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The majority of respondents did not believe that violent video games lead to violent actions, despite some groups believing they do. It’s clear that younger men and women disagree with the statement, but that the issue is still one that is very much up for discussion and debate among the community.

Lastly, we’ll look at the study’s finding on public perception of representation in gaming:

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This one is a little surprising, as the majority of respondents didn’t choose to weigh in one way or another. It’s clear that more respondents believe that only some games exhibit poor representation of women and minorities, which is a fair statement of video games, but it is alarming that that a healthy portion believe that most games have poor portrayals. This shows that proper representation within video games of women and minorities is an ongoing struggle and that the general population simply do not know about it.

There’s a lot more in the actual report that I highly recommend checking out. This kind of data is rare, but it helps us gain a better understanding of how video games are being viewed in our society and what we need to work on as a community.  For sociologist, such data is invaluable because it gives insight to the social problems existing at the intersection of sociology and video games.

Charts and graphs provided by the  Pew Research Center

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Games That Make A Difference: Zoo U

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Wow, what a smart and creative title! – No one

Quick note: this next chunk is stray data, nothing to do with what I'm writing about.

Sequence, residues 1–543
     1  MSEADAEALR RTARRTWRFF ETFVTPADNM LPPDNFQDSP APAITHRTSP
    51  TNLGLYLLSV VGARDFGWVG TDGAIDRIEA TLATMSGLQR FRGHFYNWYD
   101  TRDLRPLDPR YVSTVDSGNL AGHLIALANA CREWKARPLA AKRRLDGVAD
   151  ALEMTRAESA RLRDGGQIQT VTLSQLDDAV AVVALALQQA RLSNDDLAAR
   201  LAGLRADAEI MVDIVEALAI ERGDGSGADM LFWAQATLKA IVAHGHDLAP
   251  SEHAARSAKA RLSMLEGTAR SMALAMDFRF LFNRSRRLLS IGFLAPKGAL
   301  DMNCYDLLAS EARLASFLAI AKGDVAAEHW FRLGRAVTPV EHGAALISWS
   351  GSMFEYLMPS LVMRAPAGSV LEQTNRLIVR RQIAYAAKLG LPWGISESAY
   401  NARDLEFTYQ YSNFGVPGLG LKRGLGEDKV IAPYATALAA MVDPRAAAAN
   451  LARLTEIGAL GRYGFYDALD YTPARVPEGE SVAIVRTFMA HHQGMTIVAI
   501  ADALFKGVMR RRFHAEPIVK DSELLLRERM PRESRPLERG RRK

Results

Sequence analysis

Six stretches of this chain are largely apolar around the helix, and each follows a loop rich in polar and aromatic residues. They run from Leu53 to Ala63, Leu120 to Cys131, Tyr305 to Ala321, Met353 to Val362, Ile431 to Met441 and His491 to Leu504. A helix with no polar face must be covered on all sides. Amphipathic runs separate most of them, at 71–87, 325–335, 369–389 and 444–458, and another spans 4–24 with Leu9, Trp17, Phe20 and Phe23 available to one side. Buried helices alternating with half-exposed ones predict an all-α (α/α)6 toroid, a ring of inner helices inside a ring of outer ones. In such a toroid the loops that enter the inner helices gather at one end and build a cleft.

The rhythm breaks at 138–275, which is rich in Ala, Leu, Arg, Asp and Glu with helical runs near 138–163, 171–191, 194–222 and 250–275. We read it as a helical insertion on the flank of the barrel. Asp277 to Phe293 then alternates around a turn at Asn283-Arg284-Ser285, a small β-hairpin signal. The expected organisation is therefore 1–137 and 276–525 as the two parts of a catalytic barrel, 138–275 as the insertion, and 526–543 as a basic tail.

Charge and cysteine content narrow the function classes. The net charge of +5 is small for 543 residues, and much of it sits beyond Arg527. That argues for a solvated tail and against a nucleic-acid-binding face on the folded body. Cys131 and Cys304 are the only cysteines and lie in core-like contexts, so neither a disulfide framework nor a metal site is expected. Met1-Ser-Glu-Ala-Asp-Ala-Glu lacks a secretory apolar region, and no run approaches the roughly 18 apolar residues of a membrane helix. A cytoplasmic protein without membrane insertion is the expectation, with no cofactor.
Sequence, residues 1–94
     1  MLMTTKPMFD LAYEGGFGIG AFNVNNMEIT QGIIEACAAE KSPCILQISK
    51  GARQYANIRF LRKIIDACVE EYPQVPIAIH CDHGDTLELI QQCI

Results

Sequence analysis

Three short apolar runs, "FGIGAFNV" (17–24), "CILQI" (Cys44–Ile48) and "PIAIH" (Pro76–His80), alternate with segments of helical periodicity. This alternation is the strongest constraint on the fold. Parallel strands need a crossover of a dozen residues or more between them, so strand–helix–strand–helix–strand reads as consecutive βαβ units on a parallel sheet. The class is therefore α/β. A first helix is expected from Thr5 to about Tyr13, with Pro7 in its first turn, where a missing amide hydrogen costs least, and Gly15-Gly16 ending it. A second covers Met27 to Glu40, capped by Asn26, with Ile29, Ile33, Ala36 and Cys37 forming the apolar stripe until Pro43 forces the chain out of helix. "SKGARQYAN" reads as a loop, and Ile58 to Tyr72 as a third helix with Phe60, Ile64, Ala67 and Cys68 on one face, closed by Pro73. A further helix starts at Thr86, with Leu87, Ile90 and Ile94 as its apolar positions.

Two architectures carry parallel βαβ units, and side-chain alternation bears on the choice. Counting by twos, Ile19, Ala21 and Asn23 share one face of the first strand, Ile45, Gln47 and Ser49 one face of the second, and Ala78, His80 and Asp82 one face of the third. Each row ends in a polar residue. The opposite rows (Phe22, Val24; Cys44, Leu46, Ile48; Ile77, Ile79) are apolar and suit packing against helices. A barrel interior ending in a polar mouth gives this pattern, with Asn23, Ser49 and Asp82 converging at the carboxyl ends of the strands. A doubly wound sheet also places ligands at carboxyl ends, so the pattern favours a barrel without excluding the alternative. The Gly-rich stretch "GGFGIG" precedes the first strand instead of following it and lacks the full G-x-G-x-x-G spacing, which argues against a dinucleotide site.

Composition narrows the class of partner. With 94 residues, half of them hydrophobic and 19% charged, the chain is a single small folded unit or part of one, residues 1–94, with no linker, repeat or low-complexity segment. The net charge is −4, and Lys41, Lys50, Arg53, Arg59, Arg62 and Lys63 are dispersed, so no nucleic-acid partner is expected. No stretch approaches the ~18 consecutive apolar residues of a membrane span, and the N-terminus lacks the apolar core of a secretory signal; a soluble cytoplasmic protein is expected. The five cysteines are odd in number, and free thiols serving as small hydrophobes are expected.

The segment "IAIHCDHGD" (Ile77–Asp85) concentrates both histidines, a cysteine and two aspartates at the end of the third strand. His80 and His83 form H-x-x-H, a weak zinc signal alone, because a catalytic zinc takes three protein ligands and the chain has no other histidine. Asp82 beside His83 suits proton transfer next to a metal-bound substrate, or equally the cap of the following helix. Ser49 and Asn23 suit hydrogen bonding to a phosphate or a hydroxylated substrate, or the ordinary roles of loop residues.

It’s time to talk about games, but we’re not going to talk about any ol’ ordinary games; we’re going to talk about games that make a difference. These posts are going to be about games that have some sort of sociological significance; be it in the way they change the industry or in the way they change those that play them. So let’s dive in with our first game:

ZOO U

Zoo me? Zoo U.  Developed by 3C institute, Zoo U is an interactive game that seeks to help kids develop social and emotional skills. It does this by tracking and accessing players  skills as they play through the game. Players are given common day social situations that a child may come across in class, and then gives them options as to how to progress in those situation, all in a simulated virtual school setting. In doing so, it assess initial social skills and then assesses them as they progress to help instructors and parents gauge their child’s development.  The game focuses on six core social skills to : impulse control, empathy, initiation, communication, cooperation, and emotion regulation.

Warning: Your child may come out of the experience with expectations of wild animals living and playing inside schools.

Why does Zoo U make a difference? I haven’t played the game myself, but the game is reported to have positive effects on the social and emotional well being of the kids that play it. Developing social skills at a young age is important to a child’s  emotional well being,  their academic development, and their success in making friends.. Games like Zoo U can give a leg up to children that may be having a difficult time developing these skills by making the learning process fun and engaging. Likewise, at an early age repetition is important in the development of skills (It’s why they have you do your times tables so many times) but in social situations you may not always get that repetition that often need. Video games bridge that gap, as it gives the child unlimited opportunities to interact communicate with their in game peers.

Games like Zoo U certainly aren’t the first wave of educational games, but they’re some of the first to be targeted at specific skills. We can think back to our own youths and the educational games we may have played. Games like Zoo U are building off their the first wave of educational games in meaningful and focused ways. We’ll have to see how this efforts effect their participants in the long run.